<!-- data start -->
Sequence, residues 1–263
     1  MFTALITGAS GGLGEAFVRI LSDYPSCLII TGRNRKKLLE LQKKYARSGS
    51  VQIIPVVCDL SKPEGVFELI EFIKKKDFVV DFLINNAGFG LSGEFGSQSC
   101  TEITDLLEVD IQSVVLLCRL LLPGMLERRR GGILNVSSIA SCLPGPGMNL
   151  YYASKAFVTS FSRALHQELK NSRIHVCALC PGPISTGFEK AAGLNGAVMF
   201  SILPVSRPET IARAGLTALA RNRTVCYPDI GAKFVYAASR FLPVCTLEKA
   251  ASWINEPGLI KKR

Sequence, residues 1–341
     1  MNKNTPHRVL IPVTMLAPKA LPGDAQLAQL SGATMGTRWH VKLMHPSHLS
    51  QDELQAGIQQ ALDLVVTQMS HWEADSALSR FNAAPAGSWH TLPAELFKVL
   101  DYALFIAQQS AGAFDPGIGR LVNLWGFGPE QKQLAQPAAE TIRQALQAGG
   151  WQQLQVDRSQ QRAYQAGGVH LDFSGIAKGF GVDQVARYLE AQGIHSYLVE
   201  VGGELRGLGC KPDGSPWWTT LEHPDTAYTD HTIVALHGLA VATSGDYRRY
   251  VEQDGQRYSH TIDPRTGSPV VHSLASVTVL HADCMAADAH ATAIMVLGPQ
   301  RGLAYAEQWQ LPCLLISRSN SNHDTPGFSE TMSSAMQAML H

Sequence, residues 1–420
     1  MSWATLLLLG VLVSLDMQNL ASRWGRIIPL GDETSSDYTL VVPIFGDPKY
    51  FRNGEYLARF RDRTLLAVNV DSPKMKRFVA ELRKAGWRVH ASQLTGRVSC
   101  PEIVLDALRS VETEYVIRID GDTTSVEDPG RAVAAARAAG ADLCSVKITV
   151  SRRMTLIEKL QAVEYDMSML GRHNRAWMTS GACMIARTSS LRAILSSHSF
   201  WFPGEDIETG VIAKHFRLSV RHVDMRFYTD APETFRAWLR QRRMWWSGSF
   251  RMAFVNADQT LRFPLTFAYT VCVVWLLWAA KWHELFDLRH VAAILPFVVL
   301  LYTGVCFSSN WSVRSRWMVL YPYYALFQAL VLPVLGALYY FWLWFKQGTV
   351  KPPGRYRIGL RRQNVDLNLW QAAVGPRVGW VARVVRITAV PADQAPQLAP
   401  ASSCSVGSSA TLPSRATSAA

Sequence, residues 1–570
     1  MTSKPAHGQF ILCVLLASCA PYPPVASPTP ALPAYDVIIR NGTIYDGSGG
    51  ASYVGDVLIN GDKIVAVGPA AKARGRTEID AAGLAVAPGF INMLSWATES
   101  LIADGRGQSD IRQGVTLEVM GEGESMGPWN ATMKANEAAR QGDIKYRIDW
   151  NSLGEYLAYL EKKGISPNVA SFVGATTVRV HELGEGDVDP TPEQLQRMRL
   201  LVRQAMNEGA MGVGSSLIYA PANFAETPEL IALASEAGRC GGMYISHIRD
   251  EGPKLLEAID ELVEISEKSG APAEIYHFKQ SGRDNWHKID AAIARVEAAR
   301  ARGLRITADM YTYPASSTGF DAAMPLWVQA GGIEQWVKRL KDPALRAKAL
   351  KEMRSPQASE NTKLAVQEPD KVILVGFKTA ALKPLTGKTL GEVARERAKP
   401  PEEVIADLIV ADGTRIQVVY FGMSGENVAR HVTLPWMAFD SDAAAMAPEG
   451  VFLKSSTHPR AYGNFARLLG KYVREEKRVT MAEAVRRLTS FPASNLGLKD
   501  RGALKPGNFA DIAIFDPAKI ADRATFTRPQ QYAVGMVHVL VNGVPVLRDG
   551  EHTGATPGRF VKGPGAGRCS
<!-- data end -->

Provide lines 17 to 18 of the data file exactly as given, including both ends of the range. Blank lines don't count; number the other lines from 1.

     1  MSWATLLLLG VLVSLDMQNL ASRWGRIIPL GDETSSDYTL VVPIFGDPKY
    51  FRNGEYLARF RDRTLLAVNV DSPKMKRFVA ELRKAGWRVH ASQLTGRVSC